At ages 1 and 1-1/2, children who get most of their sleep at night (as opposed to during the day) do better in a variety of skill areas than children who don’t sleep as much at night.
That’s the finding of a new longitudinal study conducted by researchers at the University of Montreal and the University of Minnesota. The research appears in the November/December 2010 issue of the journal Child Development.
The study, of 60 Canadian children at ages 1, 1-1/2, and 2, looked at the effects of infants’ sleep on executive functioning. Among children, executive functioning includes the ability to control impulses, remember things, and show mental flexibility. Executive functioning develops rapidly between ages 1 and 6, but little is known about why certain children are better than others at acquiring these skills.
"We found that infants’ sleep is associated with cognitive functions that depend on brain structures that develop rapidly in the first 2 years of life," explains Annie Bernier, professor of psychology at the University of Montreal, who led the study. "This may imply that good nighttime sleep in infancy sets in motion a cascade of neural effects that has implications for later executive skills."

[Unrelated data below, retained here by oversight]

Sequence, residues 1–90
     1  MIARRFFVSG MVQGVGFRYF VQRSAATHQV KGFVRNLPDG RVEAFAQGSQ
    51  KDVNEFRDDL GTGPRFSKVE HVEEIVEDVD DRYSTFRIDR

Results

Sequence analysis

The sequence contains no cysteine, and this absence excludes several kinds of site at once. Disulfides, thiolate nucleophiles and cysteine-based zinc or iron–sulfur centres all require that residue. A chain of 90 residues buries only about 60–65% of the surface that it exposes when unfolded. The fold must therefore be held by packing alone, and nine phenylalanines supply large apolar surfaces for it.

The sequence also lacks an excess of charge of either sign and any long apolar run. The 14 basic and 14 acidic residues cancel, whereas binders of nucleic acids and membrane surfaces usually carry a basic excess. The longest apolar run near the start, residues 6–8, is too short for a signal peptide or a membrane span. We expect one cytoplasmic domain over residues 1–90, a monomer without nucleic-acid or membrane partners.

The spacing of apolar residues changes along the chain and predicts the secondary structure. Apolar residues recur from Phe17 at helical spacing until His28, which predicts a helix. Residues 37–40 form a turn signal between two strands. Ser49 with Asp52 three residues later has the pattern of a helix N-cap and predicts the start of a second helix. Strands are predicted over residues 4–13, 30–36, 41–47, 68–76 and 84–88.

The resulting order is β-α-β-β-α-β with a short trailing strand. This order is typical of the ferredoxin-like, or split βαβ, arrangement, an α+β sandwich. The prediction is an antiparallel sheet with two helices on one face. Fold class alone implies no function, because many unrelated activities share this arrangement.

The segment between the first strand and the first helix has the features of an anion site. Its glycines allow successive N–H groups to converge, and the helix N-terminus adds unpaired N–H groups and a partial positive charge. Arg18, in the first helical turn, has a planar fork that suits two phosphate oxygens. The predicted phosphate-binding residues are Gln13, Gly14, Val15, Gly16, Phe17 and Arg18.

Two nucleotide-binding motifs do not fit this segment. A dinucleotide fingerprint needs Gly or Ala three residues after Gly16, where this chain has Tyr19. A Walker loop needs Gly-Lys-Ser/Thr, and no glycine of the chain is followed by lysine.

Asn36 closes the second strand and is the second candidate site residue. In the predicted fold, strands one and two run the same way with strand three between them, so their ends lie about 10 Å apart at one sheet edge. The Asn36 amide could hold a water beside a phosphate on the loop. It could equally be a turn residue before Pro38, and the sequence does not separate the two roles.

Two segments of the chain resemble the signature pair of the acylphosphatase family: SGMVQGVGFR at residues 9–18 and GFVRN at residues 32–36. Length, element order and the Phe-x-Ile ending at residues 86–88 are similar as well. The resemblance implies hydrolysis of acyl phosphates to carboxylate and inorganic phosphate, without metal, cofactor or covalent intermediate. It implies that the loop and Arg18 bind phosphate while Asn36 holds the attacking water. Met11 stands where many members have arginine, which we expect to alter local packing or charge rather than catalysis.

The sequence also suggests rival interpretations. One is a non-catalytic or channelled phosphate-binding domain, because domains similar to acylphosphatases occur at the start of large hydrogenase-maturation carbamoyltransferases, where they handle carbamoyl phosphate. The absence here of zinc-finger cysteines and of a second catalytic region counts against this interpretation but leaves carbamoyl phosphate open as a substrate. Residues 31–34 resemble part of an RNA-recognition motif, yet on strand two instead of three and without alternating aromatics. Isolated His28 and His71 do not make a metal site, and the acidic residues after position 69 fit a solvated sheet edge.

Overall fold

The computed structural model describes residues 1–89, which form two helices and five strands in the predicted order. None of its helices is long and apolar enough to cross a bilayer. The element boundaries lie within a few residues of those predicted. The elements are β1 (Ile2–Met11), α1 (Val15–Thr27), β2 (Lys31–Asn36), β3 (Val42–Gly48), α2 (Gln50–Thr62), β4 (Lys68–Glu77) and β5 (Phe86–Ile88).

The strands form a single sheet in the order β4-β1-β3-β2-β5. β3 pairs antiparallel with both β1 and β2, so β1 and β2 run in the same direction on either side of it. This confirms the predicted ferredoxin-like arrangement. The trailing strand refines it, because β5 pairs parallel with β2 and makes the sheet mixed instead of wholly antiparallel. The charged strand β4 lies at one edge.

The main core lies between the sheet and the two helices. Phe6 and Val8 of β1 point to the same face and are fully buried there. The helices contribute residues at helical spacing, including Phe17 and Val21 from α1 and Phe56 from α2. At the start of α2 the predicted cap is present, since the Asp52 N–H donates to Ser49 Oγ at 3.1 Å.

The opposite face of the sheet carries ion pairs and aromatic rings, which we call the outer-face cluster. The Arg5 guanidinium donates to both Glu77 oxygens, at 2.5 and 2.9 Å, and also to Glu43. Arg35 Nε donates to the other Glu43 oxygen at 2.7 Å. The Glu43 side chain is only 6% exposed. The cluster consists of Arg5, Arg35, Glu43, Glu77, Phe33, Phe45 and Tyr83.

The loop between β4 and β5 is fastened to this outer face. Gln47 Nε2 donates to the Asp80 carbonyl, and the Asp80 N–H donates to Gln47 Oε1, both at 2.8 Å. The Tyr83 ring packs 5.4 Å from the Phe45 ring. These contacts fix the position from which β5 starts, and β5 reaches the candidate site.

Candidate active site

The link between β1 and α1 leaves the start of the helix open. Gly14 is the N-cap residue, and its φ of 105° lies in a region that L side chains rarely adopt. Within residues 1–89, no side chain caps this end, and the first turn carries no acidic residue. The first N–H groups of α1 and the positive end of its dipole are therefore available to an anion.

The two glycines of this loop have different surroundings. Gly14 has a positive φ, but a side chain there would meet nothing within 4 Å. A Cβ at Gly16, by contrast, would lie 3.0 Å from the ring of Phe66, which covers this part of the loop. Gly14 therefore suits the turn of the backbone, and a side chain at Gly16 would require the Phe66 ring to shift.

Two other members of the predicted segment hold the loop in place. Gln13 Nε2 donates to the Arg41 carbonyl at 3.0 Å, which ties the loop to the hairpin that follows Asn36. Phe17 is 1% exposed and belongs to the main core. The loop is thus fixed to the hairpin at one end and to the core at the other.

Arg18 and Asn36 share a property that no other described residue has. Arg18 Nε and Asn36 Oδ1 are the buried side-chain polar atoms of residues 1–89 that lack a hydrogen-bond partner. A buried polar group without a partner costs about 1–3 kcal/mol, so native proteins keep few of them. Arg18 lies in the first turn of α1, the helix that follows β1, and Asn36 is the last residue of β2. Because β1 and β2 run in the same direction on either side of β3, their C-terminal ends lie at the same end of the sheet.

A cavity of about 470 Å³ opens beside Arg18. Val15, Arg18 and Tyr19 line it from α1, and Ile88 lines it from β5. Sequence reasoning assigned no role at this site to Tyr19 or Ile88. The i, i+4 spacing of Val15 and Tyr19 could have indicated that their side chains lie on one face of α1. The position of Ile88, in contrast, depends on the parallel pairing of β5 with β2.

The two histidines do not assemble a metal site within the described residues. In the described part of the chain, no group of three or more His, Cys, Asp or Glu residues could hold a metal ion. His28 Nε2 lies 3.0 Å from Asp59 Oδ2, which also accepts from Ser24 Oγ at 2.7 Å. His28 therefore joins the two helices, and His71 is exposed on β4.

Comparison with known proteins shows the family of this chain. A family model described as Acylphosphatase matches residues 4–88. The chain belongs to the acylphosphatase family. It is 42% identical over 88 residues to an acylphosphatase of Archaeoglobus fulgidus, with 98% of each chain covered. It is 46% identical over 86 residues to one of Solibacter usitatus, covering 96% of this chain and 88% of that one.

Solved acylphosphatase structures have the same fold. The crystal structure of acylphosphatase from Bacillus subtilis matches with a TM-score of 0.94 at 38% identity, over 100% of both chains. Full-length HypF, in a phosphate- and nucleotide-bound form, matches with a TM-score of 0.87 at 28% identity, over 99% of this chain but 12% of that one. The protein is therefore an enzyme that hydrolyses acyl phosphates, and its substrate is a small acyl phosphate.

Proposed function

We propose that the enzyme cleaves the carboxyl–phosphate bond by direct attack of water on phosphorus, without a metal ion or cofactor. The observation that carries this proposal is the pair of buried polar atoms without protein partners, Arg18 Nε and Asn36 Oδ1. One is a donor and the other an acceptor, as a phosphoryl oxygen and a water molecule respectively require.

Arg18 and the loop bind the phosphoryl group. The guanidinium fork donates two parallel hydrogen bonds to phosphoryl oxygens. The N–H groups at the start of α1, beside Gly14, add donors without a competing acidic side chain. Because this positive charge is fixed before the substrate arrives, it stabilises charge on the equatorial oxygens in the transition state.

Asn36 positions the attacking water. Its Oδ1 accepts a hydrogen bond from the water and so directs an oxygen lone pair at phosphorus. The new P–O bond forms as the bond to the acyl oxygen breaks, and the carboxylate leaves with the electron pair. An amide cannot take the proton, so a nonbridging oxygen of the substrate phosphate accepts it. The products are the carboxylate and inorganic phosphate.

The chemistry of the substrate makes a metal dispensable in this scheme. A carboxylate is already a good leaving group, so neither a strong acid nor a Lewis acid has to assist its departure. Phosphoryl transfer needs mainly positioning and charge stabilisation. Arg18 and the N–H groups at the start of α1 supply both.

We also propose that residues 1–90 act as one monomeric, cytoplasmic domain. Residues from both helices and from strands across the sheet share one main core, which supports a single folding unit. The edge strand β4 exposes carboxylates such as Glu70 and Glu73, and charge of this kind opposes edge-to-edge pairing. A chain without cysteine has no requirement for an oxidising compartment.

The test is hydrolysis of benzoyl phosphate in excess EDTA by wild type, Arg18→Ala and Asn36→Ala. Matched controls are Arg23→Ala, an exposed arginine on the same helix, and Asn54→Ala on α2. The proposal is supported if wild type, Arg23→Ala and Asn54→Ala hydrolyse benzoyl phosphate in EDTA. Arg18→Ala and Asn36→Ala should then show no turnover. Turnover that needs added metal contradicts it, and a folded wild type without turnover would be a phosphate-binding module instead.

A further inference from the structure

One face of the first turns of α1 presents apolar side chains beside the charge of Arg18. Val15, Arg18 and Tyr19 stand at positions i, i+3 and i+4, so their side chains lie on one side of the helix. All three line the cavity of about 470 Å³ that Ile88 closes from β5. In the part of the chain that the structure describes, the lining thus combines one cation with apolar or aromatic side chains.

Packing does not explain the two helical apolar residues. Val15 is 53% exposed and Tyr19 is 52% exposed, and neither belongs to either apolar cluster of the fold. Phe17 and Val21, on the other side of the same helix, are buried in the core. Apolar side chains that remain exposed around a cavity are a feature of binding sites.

When the infants were 1 year old and 1-1/2 years old, their mothers filled out 3-day sleep diaries that included hour-by-hour patterns, daytime naps, and nighttime wakings. When the children were 1-1/2 and 2, the researchers measured how the children did on the skills involved with executive functioning.
Children who got most of their sleep during the night did better on the tasks, especially those involving impulse control. The link between sleep and the skills remained, even after the researchers took into consideration such factors as parents’ education and income and the children’s general cognitive skills. The number of times infants woke at night and the total time spent sleeping were not found to relate to the infants’ executive functioning skills.
"These findings add to previous research with school-age children, which has shown that sleep plays a role in the development of higher-order cognitive functions that involve the brain’s prefrontal cortex," according to Bernier.